November 7, 2007
by Canadian Architect
The 2007 Wood WORKS! award winners were announced on November 6, 2007. They are as follows:
Residential Wood Design
Dundas, Ontario: Painter’s Studio Lillepold Dowling Architects (Paris)
This 530-square-foot structure was masterfully composed of Douglas Fir, Spruce and Eastern White Pine. Modular and readily available wood products were combined with carefully selected elements of higher craft. Almost all of the construction in wood was accomplished by one or two carpenters, with the Douglas Fir doors and windows the only custom elements not fabricated on site.
Commercial Wood Design
Toronto, Ontario: The Young Centre for the Performing Arts Kuwabara Payne McKenna Blumberg Architects (Toronto)
This 45,567-square-foot structure, designated as a national historic site, is located in two existing tankhouses in the historic Gooderham and Worts Distillery District. Rough-cut Douglas Fir heavy timber trusses were used to span between the walls of the existing brick tankhouses, enclosing the new Theatre Lobby, studios and administrative spaces. Rough-cut, stained Hemlock was used as exterior cladding. And stained, rough-cut Oak planking was used as an interior cladding in the main, large theatre space for the balcony guard rails, stair rails and as a wall covering.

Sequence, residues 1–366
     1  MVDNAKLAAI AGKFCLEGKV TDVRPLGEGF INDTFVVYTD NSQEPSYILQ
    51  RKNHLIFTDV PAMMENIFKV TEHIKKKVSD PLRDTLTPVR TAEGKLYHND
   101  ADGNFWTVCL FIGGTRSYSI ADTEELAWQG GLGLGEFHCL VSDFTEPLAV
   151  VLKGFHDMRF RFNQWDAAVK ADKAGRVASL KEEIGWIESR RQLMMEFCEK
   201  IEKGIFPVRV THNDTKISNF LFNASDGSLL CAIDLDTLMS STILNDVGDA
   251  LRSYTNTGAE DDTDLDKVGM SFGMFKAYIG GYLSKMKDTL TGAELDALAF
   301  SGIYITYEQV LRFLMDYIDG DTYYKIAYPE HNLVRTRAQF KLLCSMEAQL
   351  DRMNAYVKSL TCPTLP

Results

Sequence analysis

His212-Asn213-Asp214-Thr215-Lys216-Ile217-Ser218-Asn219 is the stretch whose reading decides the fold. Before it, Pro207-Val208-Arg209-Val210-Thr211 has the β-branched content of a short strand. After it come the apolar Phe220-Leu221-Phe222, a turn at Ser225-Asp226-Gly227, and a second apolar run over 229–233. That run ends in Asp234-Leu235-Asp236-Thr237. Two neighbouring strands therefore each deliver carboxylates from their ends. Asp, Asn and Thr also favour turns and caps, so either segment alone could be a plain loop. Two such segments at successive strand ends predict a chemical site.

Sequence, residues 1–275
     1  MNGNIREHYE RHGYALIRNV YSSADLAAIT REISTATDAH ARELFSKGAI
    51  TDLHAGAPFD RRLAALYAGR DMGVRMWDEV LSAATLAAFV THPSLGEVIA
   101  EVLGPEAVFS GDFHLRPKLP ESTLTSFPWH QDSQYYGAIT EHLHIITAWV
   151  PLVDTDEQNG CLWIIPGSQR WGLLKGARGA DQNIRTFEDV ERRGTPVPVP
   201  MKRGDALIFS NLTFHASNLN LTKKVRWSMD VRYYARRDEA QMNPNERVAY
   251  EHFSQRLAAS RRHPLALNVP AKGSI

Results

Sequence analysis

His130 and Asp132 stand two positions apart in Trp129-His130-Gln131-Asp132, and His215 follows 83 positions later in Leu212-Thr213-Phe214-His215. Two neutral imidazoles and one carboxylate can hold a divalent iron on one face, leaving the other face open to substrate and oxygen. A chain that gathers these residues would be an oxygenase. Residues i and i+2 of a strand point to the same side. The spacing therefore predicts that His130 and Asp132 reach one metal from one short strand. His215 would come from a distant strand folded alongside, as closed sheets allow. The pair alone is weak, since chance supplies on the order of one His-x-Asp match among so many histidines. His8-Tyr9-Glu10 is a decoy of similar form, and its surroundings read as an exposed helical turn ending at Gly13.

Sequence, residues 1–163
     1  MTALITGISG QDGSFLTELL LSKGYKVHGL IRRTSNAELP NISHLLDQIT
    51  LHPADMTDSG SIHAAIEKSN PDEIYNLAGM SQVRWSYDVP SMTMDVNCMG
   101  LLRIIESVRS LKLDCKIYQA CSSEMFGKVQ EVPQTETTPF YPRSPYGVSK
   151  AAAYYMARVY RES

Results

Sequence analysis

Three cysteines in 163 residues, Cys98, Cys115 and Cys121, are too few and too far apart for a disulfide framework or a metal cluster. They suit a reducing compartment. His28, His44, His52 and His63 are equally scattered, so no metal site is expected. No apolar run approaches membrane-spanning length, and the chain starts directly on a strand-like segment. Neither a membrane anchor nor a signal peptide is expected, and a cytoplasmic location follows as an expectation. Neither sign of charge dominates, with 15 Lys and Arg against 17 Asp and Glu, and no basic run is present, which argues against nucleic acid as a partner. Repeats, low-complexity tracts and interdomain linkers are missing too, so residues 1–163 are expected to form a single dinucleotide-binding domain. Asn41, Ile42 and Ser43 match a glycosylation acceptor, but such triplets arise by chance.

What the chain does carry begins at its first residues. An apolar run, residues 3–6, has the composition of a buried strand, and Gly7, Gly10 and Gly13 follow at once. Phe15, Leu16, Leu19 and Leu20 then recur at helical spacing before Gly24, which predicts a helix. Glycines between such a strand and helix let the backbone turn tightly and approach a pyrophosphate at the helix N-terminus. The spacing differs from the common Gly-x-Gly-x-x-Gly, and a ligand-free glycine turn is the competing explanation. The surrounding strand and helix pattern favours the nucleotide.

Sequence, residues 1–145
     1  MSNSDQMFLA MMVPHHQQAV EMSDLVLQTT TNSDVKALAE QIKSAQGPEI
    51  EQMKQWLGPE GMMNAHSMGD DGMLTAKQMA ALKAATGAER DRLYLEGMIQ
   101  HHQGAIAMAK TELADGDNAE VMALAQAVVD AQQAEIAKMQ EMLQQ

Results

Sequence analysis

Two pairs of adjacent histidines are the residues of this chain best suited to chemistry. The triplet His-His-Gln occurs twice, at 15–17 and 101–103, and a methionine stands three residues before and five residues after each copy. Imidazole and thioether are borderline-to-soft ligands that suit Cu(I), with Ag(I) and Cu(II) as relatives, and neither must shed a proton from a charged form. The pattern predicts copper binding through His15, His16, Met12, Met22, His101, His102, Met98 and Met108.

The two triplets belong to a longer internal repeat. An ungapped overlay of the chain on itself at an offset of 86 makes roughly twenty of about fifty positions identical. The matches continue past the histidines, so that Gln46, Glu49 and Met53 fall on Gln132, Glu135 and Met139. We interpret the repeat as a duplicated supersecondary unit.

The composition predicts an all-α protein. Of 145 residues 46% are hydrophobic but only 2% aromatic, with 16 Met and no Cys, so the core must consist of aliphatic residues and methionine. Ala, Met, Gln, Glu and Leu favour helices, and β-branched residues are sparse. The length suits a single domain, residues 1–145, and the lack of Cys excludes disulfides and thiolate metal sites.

Multi-Unit Wood Design
Guelph, Ontario: Wellington Park Terrace Robert J Dyck Architect & Engineer (Kitchener)
This 86,112-square-foot, four-storey, 117-unit retirement home, is composed of Spruce, Fir, Cedar, Pine and Red Oak above the second floor level, complete with a wood mansard feature. Wood was chosen for cost effectiveness and for its resilience as a floor system, which is more comfortable for seniors. Some of the wood features include Cedar shingles, solid Oak doors, solid Red Oak trim, Pine trim for porch elements, Panelized Wall Systems and Engineered Wood Products including PSL, LSL and Wood I Joist.